Slightly enlarged goiterous glands and large goiterous thyroid glands may remain within the thyroid bed, without extension into the mediastinum or cranially around and behind the esophagus (Figure 2). If a thyroid gland is sufficiently large, it will extend outside the normal confines of the thyroid bed. Direct caudal growth is downward into the pretracheal space. As such, the thyroid extension lies in the retrosternal region, anterior to the common carotid arteries and the internal jugular veins (Figure 3A). In this location, the thyroid enlargement is usually referred to as a retrosternal or substernal goiter, and these goiters are usually resected via a cervical approach, without the need for a sternotomy. If the caudal thyroid gland enlargement is posteriorly directed, the goiter can grow along the sides of the esophagus and eventually extend behind the esophagus. Once behind the esophagus, the goiter can project down into the posterior mediastinum or up behind the pharynx. If the thyroid growth is into the posterior mediastinum, the goiter is referred to as a mediastinal goiter, and it lies dorsal to the great vessels (Figure 3B). In this location, and depending on the size of the goiter, it may be resected via a cervical incision or a sternectomy approach. If the retroesophageal growth is directed cranially, the goiter can extend unilaterally or bilaterally up behind the pharynx, as far as the oropharynx (Figure 4). Such cranial extension behind the pharynx is resected via a cervical approach.
The thyroid gland is usually easily identified on non–contrast- and contrast-enhanced CT scans. This reflects the fact that the thyroid gland normally concentrates iodine at approximately 100 times greater than the iodine levels found in the serum (Figure 5). As iodine is the basic component of CT contrast agents, the result is a well-visualized normal thyroid gland on CT studies. The loss of iodine concentration within the thyroid gland, as assessed on non–contrast-enhanced CT scans, equates well with thyroid function. Because the thyroid gland is one of the most vascular glands, it also enhances dramatically on contrast-enhanced CT studies.
The normal thyroid gland is situated adjacent to the larynx and trachea, with its upper margin near the oblique line on the thyroid cartilage and its lower margin at the level of the fourth or fifth tracheal cartilage. This region is referred to as the thyroid bed. The normal thyroid gland weighs 15 to 35 g. In men, the average thyroid volume is 19.6 mL, whereas in women it is 18.6 mL.1,4,5 The gland size varies with patient weight, age, and sex, and the thyroid gland enlarges in women during menstruation and pregnancy. A previous CT-based study noted the normal thyroid gland to have a mean transverse diameter of 28.79 mm (SD, 6.57 mm). The right lobe averaged 15.05 mm (SD, 3.51 mm), and the left lobe averaged 13.74 mm (SD, 3.91 mm).6 However in anatomic texts, the average thyroid lobe measurements are given as 3 cm in the greatest anteroposterior dimension and/or 2 cm in width.1 Using these larger, rounded-off average measurements from the anatomic studies, we defined a goiter as existing when a thyroid lobe exceeded 3 cm in the greatest anteroposterior dimension and/or 2 cm in width (Figure 5). Although this might seem somewhat arbitrary, the correlation with the clinician's assessment of the thyroid gland was very good. Of the 190 cases, a clinical diagnosis of goiter was made in 174 cases (91.6%). In the remaining 16 patients, their obese body habitus made clinical assessment of mild-to-moderate thyroid enlargement impossible.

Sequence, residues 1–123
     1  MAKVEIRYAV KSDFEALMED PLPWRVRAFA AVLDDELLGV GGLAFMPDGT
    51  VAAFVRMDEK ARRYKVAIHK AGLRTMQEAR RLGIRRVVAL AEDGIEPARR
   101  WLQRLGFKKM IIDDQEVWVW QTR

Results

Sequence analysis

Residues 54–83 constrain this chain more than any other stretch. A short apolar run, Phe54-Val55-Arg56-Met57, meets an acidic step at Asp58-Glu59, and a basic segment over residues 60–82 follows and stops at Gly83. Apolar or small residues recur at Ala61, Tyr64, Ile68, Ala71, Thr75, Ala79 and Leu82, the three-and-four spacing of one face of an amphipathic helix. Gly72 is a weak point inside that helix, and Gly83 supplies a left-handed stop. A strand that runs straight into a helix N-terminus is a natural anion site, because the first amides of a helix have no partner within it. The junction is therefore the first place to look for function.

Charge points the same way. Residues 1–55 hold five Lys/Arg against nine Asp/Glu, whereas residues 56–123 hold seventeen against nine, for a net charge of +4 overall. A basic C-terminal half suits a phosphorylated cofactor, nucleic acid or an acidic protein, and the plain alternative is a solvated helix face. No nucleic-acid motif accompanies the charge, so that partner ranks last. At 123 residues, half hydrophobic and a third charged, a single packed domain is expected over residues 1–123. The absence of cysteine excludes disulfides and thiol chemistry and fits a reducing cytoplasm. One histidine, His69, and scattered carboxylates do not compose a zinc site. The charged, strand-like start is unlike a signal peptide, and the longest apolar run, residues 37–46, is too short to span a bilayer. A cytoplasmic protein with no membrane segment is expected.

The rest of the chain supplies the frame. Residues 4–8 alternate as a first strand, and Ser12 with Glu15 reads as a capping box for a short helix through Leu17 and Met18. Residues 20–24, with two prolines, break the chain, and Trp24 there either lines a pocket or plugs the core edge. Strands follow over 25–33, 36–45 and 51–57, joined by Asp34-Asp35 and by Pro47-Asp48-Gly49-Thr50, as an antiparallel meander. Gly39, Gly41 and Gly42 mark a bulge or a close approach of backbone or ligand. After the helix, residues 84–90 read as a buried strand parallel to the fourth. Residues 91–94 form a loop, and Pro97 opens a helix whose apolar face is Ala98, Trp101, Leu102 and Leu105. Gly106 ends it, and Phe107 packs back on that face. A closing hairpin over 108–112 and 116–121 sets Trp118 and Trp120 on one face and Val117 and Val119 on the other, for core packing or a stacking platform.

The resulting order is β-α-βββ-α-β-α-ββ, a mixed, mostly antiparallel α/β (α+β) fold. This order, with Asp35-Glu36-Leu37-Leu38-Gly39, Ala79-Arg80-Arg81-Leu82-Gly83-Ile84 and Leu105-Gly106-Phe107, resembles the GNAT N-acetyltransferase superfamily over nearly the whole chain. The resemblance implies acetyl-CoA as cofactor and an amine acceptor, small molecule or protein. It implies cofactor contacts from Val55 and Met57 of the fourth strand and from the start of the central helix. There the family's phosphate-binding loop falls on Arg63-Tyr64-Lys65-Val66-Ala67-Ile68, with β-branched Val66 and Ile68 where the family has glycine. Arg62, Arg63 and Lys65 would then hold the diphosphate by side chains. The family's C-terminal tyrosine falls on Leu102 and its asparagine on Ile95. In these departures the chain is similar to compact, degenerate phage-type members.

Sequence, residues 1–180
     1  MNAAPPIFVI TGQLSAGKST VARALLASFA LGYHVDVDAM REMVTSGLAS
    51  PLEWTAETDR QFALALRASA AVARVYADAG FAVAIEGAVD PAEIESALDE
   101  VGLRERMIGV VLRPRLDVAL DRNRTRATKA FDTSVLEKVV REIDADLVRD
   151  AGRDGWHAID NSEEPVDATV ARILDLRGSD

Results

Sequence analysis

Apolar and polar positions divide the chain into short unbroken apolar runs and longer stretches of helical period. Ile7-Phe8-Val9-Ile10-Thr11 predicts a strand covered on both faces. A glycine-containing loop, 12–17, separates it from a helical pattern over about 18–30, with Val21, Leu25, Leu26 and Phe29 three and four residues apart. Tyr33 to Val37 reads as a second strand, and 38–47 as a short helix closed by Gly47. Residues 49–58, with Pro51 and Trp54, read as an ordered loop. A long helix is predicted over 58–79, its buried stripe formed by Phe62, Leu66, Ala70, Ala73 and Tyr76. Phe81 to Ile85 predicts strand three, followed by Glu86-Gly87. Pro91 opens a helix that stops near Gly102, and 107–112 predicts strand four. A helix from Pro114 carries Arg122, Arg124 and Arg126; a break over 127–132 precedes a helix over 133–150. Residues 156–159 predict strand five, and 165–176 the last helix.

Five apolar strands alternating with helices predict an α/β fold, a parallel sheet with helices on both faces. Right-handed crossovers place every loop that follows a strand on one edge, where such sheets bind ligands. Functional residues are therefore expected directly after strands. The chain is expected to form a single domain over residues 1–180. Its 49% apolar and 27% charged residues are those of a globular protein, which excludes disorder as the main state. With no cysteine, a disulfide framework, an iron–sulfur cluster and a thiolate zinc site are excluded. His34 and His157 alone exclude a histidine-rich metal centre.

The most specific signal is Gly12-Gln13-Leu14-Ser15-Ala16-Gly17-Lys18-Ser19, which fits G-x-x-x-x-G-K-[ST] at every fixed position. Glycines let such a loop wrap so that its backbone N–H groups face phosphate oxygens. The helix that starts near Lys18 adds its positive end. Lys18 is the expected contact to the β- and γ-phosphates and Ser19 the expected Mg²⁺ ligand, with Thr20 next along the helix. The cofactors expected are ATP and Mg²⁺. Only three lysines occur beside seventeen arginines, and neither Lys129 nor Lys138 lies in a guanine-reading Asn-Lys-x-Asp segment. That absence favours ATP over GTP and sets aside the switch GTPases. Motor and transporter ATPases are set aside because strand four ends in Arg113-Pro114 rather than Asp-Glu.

In the literature, assessment of a substernal goiter or a posterior mediastinal goiter was based on surgical rather than imaging findings. In these reports, the percentage of substernal goiter varied from 5.7% to 20% of the cases.7,8 Extension into the posterior mediastinum was reported as 9.8% to 12% of cases, and this always occurred in conjunction with extension into the anterior mediastinum.8,9 In our study, 36.8% of the cases extended into the anterior mediastinum, and 7.1% extended into the anterior and posterior mediastina. We also reported 14 cases (7.4%) of goiters extending cranially behind or along the sides of the pharynx. In the literature, there were only 11 case reports of such cranial extension of a goiter.10-16
Of 190 goiters identified on CT studies of the neck, the goiter extended outside of the thyroid bed in 84 (44.2%) of cases. When there was caudal growth into the mediastinum, the anterior mediastinum was always involved, and in 7.1% of these cases there also was extension into the posterior mediastinum. Although extension cranially behind the pharynx occurred uncommonly (7.4% of cases), the radiologist should be aware of this diagnosis and the fascial anatomy that explains its occurrence.
Corresponding author: Peter M. Som, MD, Department of Radiology, Box 1234, Mount Sinai School of Medicine, One Gustave Levy Place, New York, NY 10029 (e-mail: firstname.lastname@example.org).
Submitted for publication October 3, 2002; final revision received February 4, 2003; accepted February 12, 2003.